Depression And What It Actually Means


Have you ever considered that maybe depression is actually a physical, biological process in response to changes our brain undergoes when it gets stressed? In this blog article, we are going to go over how depression can be your body’s way of doing something really useful – helping to fix some of those harmful feelings when they occur.

What Is Depression and What Causes It?

Depression is a mental disorder that can specifically involve sadness and loss of interest in activities that were once enjoyed. It’s estimated that around 20% of the population experiences some form of depression at some point in their lives. However, while depression is generally considered to be a “common” illness, it’s also one that can be highly challenging to treat.
There are a number of different potential causes of depression, but most experts believe that there is, at least in part, a genetic component to the condition. That said, environmental factors – such as poor relationships or chronic stress – can also play a role in triggering depressive symptoms.
Treatment for depression typically involves both pharmacological and psychological therapies. Medications like SSRIs (such as Paxil and Zoloft) can help relieve symptoms by increasing levels of serotonin in the brain. Psychotherapy, meanwhile, may include cognitive-behavioral therapy (CBT), which teaches individuals how to change their thoughts and behaviors in order to overcome their depression.

There is no “cure” for depression, but treatment – either through medication or therapy – can often help improve symptoms over time. If you or someone

Types of Depression

Depression is a very common psychological disorder which affects nearly 20% of the population at some point in their lives. It manifests itself in a number of different ways and can affect people of all ages, backgrounds, and socio-economic statuses. In general, there are three main types of depression:major depressive disorder (MDD), bipolar disorder, and cyclothymia.

MDD is the most common type of depression and affects around 50% of all people who experience it at some point in their lives. People with MDD experience an extended period of low mood, an diminished ability to enjoy activities they once enjoyed, suicidal thoughts or actions, and disturbed sleep patterns. While there is no one cause for MDD, it is commonly associated with major life stressors such as loss of loved ones or job changes.

Bipolar disorder is another common type of depression that affects around 2% of the population. People with bipolar disorder experience extreme episodes of mania (a high mood) or depression (a low mood), which can last for weeks or months at a time. Along with symptoms like decreased energy levels and difficulty concentrating, people with bipolar disorder often have significant disruptions in their social lives and their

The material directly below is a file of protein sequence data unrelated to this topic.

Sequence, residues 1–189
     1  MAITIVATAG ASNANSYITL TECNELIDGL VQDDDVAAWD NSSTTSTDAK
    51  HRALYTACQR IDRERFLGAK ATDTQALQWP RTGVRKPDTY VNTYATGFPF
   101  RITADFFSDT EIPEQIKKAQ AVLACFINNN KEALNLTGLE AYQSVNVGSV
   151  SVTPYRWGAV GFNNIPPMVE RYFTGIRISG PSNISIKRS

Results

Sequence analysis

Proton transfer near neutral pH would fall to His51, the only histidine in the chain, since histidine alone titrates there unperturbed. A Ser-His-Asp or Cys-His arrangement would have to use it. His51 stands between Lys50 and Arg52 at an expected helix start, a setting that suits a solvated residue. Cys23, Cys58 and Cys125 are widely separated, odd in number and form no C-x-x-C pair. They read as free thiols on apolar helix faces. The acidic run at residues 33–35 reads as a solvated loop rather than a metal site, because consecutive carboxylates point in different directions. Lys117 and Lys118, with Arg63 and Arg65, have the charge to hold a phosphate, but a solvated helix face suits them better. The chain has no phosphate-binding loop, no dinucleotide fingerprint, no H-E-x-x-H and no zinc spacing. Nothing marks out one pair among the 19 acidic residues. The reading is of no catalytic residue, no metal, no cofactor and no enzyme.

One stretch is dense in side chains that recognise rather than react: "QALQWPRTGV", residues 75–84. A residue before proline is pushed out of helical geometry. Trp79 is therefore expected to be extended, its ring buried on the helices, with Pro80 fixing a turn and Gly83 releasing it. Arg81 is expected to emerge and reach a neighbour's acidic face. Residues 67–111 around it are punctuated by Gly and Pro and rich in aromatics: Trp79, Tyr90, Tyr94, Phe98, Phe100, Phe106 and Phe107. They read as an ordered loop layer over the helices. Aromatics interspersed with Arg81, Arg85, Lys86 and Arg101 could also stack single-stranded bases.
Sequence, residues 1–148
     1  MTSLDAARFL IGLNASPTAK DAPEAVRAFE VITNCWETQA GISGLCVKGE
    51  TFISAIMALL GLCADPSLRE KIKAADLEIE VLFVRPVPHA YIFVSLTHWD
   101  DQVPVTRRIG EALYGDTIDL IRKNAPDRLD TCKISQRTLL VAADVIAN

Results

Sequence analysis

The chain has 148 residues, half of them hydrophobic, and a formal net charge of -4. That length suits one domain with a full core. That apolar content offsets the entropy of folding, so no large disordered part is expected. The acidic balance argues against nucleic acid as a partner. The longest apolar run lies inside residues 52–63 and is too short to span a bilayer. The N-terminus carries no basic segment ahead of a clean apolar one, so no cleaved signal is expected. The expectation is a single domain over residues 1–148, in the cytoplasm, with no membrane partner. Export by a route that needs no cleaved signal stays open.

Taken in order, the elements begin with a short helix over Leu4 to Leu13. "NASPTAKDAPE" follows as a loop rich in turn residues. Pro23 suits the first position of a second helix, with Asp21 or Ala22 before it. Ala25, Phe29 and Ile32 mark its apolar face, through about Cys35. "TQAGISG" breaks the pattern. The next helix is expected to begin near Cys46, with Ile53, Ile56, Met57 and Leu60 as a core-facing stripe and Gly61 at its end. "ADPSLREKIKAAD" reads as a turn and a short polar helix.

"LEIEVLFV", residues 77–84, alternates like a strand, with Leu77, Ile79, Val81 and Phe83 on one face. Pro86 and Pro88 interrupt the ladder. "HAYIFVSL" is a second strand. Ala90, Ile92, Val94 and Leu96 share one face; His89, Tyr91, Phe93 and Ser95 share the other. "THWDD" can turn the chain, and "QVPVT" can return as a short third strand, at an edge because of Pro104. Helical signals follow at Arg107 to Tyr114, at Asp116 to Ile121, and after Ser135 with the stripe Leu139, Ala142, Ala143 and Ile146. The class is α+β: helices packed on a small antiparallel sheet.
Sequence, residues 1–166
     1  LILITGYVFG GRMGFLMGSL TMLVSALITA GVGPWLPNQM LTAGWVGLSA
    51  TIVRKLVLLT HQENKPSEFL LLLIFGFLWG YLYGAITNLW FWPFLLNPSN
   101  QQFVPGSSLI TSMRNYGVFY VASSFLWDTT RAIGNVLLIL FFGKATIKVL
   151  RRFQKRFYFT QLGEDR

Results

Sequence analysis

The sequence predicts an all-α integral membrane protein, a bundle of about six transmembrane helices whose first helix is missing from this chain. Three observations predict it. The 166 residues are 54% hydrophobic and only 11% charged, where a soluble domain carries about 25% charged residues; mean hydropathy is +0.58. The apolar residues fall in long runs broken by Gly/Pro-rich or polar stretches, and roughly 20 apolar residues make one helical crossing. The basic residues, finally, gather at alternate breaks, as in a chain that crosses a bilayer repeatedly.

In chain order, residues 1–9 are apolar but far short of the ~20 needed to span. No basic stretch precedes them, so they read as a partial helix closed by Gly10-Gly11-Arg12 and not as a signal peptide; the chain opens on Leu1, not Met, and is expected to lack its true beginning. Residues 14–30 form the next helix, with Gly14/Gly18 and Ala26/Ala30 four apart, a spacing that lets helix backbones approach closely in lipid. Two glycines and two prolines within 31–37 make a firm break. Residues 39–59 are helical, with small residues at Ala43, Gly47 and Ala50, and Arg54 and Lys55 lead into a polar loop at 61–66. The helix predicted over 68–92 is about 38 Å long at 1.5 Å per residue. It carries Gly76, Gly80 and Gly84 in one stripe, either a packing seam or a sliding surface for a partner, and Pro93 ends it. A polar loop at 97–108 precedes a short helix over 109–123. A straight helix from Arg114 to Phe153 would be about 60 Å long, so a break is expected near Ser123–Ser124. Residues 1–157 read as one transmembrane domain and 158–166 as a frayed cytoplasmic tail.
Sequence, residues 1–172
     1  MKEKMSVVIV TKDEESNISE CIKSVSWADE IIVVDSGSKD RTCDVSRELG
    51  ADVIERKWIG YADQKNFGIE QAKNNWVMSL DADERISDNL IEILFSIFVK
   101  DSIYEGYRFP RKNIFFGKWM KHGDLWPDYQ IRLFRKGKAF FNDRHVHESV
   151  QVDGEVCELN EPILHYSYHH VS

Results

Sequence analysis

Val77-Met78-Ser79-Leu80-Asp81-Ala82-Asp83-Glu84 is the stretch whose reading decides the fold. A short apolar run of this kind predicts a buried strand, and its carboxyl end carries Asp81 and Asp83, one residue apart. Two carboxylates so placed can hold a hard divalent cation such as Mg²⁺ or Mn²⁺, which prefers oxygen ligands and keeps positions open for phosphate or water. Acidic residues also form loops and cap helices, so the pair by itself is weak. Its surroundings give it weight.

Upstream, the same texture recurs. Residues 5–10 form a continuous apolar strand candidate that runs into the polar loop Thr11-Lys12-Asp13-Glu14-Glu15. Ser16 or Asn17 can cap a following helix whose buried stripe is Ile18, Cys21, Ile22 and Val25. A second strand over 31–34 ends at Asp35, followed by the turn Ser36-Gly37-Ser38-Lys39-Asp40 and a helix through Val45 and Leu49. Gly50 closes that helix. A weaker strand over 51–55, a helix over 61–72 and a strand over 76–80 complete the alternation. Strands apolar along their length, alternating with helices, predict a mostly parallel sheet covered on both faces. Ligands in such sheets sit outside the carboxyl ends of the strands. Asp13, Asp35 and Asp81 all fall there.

Medications Treating Depression

Depression is a serious mental illness that can be disabling and lead to many other problems. There are several types of medications doctors can prescribe to treat depression, but each treatment has its own risks and side effects. If you’re looking for ways to get relief from your depression, read on for information about some of the most common treatments.

Meds for treating major depressive disorder (MDD) include:

-Selective serotonin reuptake inhibitors (SSRIs), such as sertraline or fluoxetine
-Monoamine oxidase inhibitors (MAOIs), such as phenelzine or selegiline
-Tricyclic antidepressants (TCAs), such as amitriptyline or nortriptyline
-Bupropion (Wellbutrin)
-Citalopram (Celexa)
-Escitalopram oxalate ((Lexapro)
-Paroxetine (Paxil))

There are also a number of other medications that may be prescribed in conjunction with an antidepressant, depending on the individual’s symptoms and doctor’s recommendation. Examples include:

Treatment For Depression

There is no one specific cure for depression, but there are many different treatments that can help manage the condition. Most people with depression require treatment for more than one factor associated with the disorder, such as medication and psychotherapy.

Some forms of psychotherapy that have been shown to be effective in managing depression include cognitive-behavioral therapy (CBT), interpersonal therapy (IPT), and problem solving therapy (PST). CBT focuses on changing how a person thinks and responds to negative situations, IPT on increasing communication between people in a relationship, and PST on developing coping mechanisms.

Other treatments people may be prescribed include antidepressants, which work by lowering the level of serotonin in the brain. Antidepressants are typically taken for several months or years, and may need to be supplemented with other therapies to prevent relapse. Side effects can include weight gain or loss, sexual problems, and suicidal thoughts or actions.

There is no single treatment that works for everyone with depression, but common indicators of success include reducing symptoms and improving quality of life. If you’re feeling down and want to explore your options for managing or recovering from depression, speak with your doctor or therapist about what might be best


If you or someone you know is suffering from depression, there are a few things you should do to improve your chances of getting better. Here are six tips to help:
– Seek professional help if you can’t find relief on your own.
– Talk about how you’re feeling with those around you.
– Live a healthy lifestyle and get plenty of exercise.
– Avoid using drugs and alcohol as they worsen depression symptoms.
– Accept that depression might be a lifelong condition, but it can be treated with medication and psychotherapy.


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